The PCA score plot of fatty acid content allowed the overall clustering trends of the groups to be observed (Figure 2A) and illustrated the differences between geographical locations. If we consider that S. latissima cultures in Norway will tend to be subjected to lower sea temperatures given their proximity to the Artic, the fact that our results showed that biomass from that origin displayed lower content of saturated fatty acids and a higher DBI makes sense (Table 1). In fact, in macroalgae, the fatty acid composition has been reported to respond to temperature, namely by increasing the content in unsaturated fatty acids with decreasing temperature conditions [46,47,48]. In fact, a recent study pointed to temperature as the only studied physiochemical variable exerting significant influence on seaweed chemical composition of two kelp species (S. latissima and Laminaria digitata) [22]. Saccharina latissima has been reported to present a higher total fatty acid content during the cold winter months while exhibiting an expected tendency towards unsaturation decrease in the warmer months [14]. Interestingly, and somewhat contradictorily, another study reported January to be a time of especially lowered PUFA content, particularly of n-3 (EPA and DHA) and n-6 (linoleic acid) fatty acids [12]. Moreover, other studies [46,47,48,49,50] have reported the influence of abiotic factors, such as some that geographical circumstances may imply, on the fatty acid composition of seaweeds. Light intensity has been shown to effectively impact the fatty acid composition of seaweeds. However, the effects of light incidence in fatty acid content seem somewhat contradictory, or at least species-specific. In some cases, PUFAs have been shown to increase with photon flux density, while in others important PUFAs have been shown to be decreased [48,49,50], and in other cases fatty acid composition was not affected at all [51,52].
Lipidomic analysis by HILIC-LC-MS of total lipid extracts allowed the identification of detailed algal polar lipid profiles, highlighting geographically promoted variations. PCA analysis of the sum of the normalized peaks by polar lipid class showed a clear group separation in a two-dimensional score plot. In this approach, MGDG, PG, LPC, and DGTS totals were the most discriminating between classes. Norway and the UK displayed generally very approximate profiles per class, except for LPE and DGDG, while French biomass seemed to differ greatly from the other two sample origins in terms of lipid class profile. The amount of lysolipids were consistently higher in France compared to the other sample origins. Lysophospholipids have been traditionally considered common membrane components, but may also play important roles as second-messenger molecules regulating intracellular signaling pathways [53]. Lysophospholipids (namely LPC, LPE) are usually increased in wounded plants [54]. Temperature acclimation may also lead to increased lysophospholipid levels in plants [55]. Since northwestern France is known for having some of the highest tidal ranges, which may be reflected in increased temperature amplitude for seaweeds, this could also be one of the reasons for the increase in the polar lipid lyso forms in France samples.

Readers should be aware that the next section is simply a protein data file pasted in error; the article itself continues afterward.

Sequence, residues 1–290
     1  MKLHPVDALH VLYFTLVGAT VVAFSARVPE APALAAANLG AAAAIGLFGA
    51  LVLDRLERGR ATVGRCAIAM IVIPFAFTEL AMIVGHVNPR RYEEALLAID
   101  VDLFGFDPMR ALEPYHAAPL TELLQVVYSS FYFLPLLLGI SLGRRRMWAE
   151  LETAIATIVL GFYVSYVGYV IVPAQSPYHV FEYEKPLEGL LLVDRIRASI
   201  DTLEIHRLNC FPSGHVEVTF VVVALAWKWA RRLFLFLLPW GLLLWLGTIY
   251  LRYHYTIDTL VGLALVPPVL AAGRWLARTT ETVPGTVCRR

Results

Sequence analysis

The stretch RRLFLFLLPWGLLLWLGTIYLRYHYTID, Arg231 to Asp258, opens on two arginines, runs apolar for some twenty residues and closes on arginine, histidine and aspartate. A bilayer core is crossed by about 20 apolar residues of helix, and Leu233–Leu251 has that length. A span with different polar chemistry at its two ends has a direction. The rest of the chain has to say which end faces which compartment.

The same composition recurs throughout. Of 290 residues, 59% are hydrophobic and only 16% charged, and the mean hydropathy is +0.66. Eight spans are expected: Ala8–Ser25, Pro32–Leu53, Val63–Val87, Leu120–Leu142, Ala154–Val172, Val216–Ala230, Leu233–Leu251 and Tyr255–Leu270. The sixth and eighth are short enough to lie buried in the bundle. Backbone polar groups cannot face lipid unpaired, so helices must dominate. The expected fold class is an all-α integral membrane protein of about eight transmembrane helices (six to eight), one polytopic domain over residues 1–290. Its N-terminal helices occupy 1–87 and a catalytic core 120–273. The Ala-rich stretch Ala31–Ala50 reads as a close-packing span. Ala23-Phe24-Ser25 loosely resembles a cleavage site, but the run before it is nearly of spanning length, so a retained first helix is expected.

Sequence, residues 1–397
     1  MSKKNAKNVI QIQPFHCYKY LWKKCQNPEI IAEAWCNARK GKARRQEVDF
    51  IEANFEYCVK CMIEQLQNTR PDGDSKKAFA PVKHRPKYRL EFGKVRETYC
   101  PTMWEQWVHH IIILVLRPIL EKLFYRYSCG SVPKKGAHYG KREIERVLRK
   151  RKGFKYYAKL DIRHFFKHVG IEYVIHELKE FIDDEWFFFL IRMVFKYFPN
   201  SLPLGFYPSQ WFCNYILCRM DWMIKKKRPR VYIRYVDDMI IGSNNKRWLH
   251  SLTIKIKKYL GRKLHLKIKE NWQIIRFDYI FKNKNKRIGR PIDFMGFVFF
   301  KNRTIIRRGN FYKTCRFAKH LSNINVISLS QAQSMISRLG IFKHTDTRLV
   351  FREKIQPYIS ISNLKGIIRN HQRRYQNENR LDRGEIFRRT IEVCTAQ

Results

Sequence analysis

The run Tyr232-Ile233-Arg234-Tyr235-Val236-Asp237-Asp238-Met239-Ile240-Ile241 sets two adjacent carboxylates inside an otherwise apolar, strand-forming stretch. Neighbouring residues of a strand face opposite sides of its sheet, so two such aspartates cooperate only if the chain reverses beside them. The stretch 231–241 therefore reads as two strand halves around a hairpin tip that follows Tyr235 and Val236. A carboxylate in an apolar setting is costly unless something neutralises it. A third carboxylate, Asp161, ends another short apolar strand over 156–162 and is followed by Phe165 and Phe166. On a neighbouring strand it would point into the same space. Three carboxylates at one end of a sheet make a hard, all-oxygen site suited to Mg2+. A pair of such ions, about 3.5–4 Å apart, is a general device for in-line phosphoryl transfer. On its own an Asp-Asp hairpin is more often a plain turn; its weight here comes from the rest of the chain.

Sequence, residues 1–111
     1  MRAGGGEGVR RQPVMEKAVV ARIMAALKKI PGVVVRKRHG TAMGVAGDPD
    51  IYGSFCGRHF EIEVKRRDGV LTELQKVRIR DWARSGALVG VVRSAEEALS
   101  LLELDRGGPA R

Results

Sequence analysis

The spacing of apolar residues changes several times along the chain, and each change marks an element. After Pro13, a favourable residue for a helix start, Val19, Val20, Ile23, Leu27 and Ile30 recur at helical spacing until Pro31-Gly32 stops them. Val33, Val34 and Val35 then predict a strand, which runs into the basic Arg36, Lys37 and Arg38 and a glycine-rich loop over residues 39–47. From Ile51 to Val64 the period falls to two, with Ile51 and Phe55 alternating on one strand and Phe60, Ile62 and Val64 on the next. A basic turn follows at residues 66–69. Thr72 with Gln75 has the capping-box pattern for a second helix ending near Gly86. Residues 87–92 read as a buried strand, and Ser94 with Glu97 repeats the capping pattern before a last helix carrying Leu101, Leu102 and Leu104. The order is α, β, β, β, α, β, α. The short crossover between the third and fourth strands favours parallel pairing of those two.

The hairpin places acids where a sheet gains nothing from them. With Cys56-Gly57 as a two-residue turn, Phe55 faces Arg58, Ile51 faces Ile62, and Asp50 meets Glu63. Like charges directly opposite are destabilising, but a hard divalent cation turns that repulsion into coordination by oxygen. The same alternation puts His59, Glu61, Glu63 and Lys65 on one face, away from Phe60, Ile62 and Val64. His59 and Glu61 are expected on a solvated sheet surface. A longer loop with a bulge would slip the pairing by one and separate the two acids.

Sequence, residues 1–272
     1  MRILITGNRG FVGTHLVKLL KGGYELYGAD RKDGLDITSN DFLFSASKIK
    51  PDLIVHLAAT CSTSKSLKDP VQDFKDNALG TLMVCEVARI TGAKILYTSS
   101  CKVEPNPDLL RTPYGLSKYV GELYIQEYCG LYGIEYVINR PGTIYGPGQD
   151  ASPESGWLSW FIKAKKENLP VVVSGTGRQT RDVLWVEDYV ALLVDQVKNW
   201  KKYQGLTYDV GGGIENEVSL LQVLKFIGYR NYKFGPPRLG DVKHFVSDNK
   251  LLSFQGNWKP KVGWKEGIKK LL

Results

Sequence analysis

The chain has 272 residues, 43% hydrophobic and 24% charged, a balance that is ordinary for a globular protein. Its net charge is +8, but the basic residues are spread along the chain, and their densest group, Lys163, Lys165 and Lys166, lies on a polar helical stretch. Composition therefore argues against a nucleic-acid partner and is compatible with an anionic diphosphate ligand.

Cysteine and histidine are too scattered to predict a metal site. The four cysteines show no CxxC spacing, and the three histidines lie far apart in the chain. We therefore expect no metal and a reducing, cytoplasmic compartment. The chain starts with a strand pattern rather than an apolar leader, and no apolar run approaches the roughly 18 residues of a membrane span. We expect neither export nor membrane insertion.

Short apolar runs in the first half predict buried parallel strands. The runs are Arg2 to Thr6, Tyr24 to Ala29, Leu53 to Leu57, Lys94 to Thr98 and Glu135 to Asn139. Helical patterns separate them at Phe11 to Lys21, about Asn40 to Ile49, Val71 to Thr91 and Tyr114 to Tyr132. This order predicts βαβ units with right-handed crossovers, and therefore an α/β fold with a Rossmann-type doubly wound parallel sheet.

Influence of light conditions may be in play when interpreting origin-promoted differences regarding the lipid classes present. A study in Tichocarpus crinitus (Rhodophyta) reported that low light conditions promoted an increase in SQDG, PG, and PC [45]. In Ulva fenestrata (Chlorophyta), low light intensity promoted increases in SQDG, PG, and MGDG [56]. These classes were all more represented in the Norwegian samples (Figure 3B); thus, low light incidence during the winter months may be reflected in polar lipid composition.

5. Conclusions

The results of the present study demonstrated that S. latissima presents a high chemical variability related to its geographical origin, revealing that the chemical phenotype is a plastic variable which can be used to discriminate between growth sites, laying the foundations for algal traceability.
Since abiotic conditions are bound to change geographically, local assessment of nutritional value and of the content in compounds of interest could be a form of valorization of regional populations and an opportunity to establish more sustainable and efficient production sites, while contributing to the marketing of more stable, reliable, and high-quality products. Ultimately, this type of study unveiling how local environmental conditions impact important characteristics of algae lipid composition may be important when selecting algae or algal strains for cultivation in a given location, especially when a set of particular components is valued.